Thursday, 17 March 2016

India's Top 5 Travel and Teaching tips

PROJECT: Teaching
WRITTEN BY: Nancy Bucher

India has been a whirlwind of culture, traditions, emotions, spirituality and friendship, and going into my last week of placement in this country of endless possibilities, I want to share my top five travel and teaching tips - not from an experienced, travel expert or teacher, but a young girl who has visited India for the first time to teach young kids and travel, and has had indescribable experiences over here.

You have probably heard it before but it's so true - India is a country full of traditions and a culture extremely different to Australia. I can't roam the streets here in clothes that don't cover my entire legs and shoulders, I can't buy alcohol as it is not appropriate for girls to do so, I do say namaste and smile at strangers who are in the same tuk tuk. So my first tip is to come with an open mind and enjoy and embrace everything about the Indian way of life while traveling here.

Secondly, say yes to every opportunity you can while you're here and throw yourself into the placement - into teaching, into the sports and games with the kids, into eating traditional food, to the experiences and to the adventures. As cliche as the saying may be, it's really true - the more you put into the experience, the more you'll get out of it. As our leader Pankaj always says, everything is possible in India, which also means I always hold degree of caution when in public and I expect the unexpected.

On a more practical note and something I wish I had done, try to pack as lightly as possible, but still try and be as thorough as you can be. It's definitely better to be over prepared than under in this country. Some staples that will be your lifesavers are all medicines, loads of tissues, hand sanitiser, lip balm and toilet paper. Flowy pants will be your staple outfit, jeans are a no go and maxi skirts are okay when wearing leggings underneath. I wish I packed more coloured pencils and textas for the students and to make the work sheets too! Also save and bring as much money as you can so you have plenty of spending money for shopping and the weekend trips. Last weekend, we visited the small city of Pushkar which had the most amazing markets! I am looking forward to my final weekend trip coming up, visiting India's most iconic monument, the Taj.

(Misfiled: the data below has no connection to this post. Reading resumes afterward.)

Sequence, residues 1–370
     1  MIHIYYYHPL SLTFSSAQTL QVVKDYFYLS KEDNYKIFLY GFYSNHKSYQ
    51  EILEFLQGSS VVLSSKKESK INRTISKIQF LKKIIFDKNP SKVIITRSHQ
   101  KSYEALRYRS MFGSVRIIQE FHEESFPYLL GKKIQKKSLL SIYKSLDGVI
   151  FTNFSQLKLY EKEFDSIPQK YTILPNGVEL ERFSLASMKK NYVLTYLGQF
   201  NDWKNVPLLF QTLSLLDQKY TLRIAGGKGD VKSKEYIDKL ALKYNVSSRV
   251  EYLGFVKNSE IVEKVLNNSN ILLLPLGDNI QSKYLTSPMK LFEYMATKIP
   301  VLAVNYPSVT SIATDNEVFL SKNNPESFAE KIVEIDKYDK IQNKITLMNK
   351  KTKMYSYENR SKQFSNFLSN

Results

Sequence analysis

On a teaching note, it is important I think to set realistic teaching goals and expectations for your students and for your teaching - my school placement has been with grade 2 students who don't often have volunteers. The language barrier is very strong and it's tricky to teach some students - others pick up on things so fast. The level of differentiation in my class in high. Be prepared to not be able to teach your students everything you wish. I tell myself each time I enter the class, try your best and baby steps are all you can hope for. Nothing happens overnight and continual practice and the hard work of the future volunteers is what will shape the kids English education.

For first time travellers and teachers, it is important I think to prepare yourself to be overwhelmed, both in school and in daily life here. The students are beautiful but they are just like kids everywhere – they can be cheeky or not want to do as they’re told, and on top of that, there can be many kids in your class, 2 teachers, and a varying but prominent language barrier and levels of ability. As for daily life and routines, prepare yourself to be the centre of attention, just walking the streets or sitting in a tuk tuks, there are stares all round, especially at big groups like us. Shop owners will hassle you to check out their store and beggars will ask for money. Just brush it off. Expect the unexpected. You will find yourself not knowing where you are, which is particularly hard for me because I have a natural urge to always know my sense of direction. One of the best things about travelling with our group and Pankaj is that you will always have people looking out for you.

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